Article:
To be an English composer in the 16th century was a risky business. Monarchs came and went, changing the state religion every time the Crown passed on. And if you valued your head, you kept it down: as seems to have been the case with Nicholas Ludford, one of the less famous Tudor composers whose life – from about 1490 to 1557 – saw him through the reigns of Henry VII, Henry VIII, Edward VI and Mary I. A rollercoaster ride of princes if there ever was one.
We don’t know much about Ludford’s life, and until fairly recently we didn’t know too much about his music either: it was overshadowed by the more familiar names that followed him such as Tavener, Tallis and Byrd. But two decades ago the Cambridge academic David Skinner took Ludford on as a cause. There was a batch of recordings from the ensemble Skinner co-founded, The Cardinall’s Musick, that kick-started some interest. And a brand new Ludford disc has just been released by the choir of Westminster Abbey under their director James O’Donnell – prompted by the fact that, as he says, “this was what you could call a local boy, based in Westminster and writing music for the various institutions, governmental and ecclesiastical, that functioned here in the 1500s”.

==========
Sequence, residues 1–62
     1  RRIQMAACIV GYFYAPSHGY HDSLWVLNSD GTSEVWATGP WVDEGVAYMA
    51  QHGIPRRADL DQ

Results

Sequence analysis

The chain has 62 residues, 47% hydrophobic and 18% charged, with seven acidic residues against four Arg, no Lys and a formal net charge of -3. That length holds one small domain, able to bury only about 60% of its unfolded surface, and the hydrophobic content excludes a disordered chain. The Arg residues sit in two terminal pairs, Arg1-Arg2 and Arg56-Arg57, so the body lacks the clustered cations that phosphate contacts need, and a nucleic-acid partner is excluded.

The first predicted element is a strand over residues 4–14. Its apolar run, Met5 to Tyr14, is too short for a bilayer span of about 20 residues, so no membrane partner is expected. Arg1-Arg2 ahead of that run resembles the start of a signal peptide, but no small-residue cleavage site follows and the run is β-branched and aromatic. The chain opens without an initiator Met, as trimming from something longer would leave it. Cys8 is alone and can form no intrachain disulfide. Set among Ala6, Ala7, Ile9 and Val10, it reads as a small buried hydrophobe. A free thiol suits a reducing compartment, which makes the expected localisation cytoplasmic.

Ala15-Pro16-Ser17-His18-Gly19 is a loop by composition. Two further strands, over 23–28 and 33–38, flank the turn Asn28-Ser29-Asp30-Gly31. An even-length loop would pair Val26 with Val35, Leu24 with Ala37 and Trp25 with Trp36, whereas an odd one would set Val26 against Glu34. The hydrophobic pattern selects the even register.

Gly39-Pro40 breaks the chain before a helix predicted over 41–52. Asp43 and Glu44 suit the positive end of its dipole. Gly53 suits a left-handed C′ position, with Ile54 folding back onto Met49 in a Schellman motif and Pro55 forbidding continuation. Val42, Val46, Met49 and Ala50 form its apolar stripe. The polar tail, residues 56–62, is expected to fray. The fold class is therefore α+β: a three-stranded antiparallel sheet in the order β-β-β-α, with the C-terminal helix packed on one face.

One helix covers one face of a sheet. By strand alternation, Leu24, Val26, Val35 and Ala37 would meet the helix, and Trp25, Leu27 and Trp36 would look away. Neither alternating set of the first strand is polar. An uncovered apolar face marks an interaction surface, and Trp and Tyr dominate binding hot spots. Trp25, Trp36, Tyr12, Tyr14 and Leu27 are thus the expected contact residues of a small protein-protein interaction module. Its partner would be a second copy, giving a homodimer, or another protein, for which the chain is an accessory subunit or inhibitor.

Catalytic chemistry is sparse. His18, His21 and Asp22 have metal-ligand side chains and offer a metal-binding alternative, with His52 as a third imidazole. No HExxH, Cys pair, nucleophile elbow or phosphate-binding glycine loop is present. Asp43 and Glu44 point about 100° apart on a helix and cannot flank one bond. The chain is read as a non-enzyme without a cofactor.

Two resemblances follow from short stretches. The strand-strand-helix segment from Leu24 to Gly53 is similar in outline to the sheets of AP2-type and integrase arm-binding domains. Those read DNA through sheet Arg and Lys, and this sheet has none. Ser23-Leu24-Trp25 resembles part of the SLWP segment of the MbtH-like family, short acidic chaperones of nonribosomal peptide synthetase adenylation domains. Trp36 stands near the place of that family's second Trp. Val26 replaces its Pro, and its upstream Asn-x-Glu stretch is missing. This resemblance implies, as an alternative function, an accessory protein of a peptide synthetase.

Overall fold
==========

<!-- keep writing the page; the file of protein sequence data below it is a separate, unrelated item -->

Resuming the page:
To the best of everybody’s knowledge, Ludford was never employed by the abbey itself, but he had connections with St Margaret’s Church next door (ending up buried in its vaults). And for some years he bore the office of Virger (which seems to have involved musical duties) at St Stephen’s Chapel: a part of the old Palace of Westminster that had its own substantial religious foundation comprising a dean,
12 canons, 13 vicars choral, four “singing men” and six boy choristers.
“As a building,” says O’Donnell, “St Stephen’s was not unlike the Sainte Chapelle in Paris, with an upper and a lower chamber. Upstairs you’d get the grand royal services. But underneath was the Lady Chapel – which survives and is still loosely called St Stephen’s, though its proper designation is the Chapel of St Mary Undercroft. And we assume it was for there that Ludford wrote a complete cycle of Lady Mass settings for every day of the week: a uniquely interesting thing because it’s probably the only cycle of its kind that survives.”
Many Catholics today will know about the concept of the Lady Mass. But in pre-Reformation times it had a greater currency. Medieval England acquired a particular devotion to the Virgin; large monastic and collegiate establishments usually had a separate Lady Chapel in which a daily votive Mass to the Virgin would be sung. And “sung” was the word – because the Lady Chapel, as opposed to the rest of the building, was where the real development of liturgical music took place.
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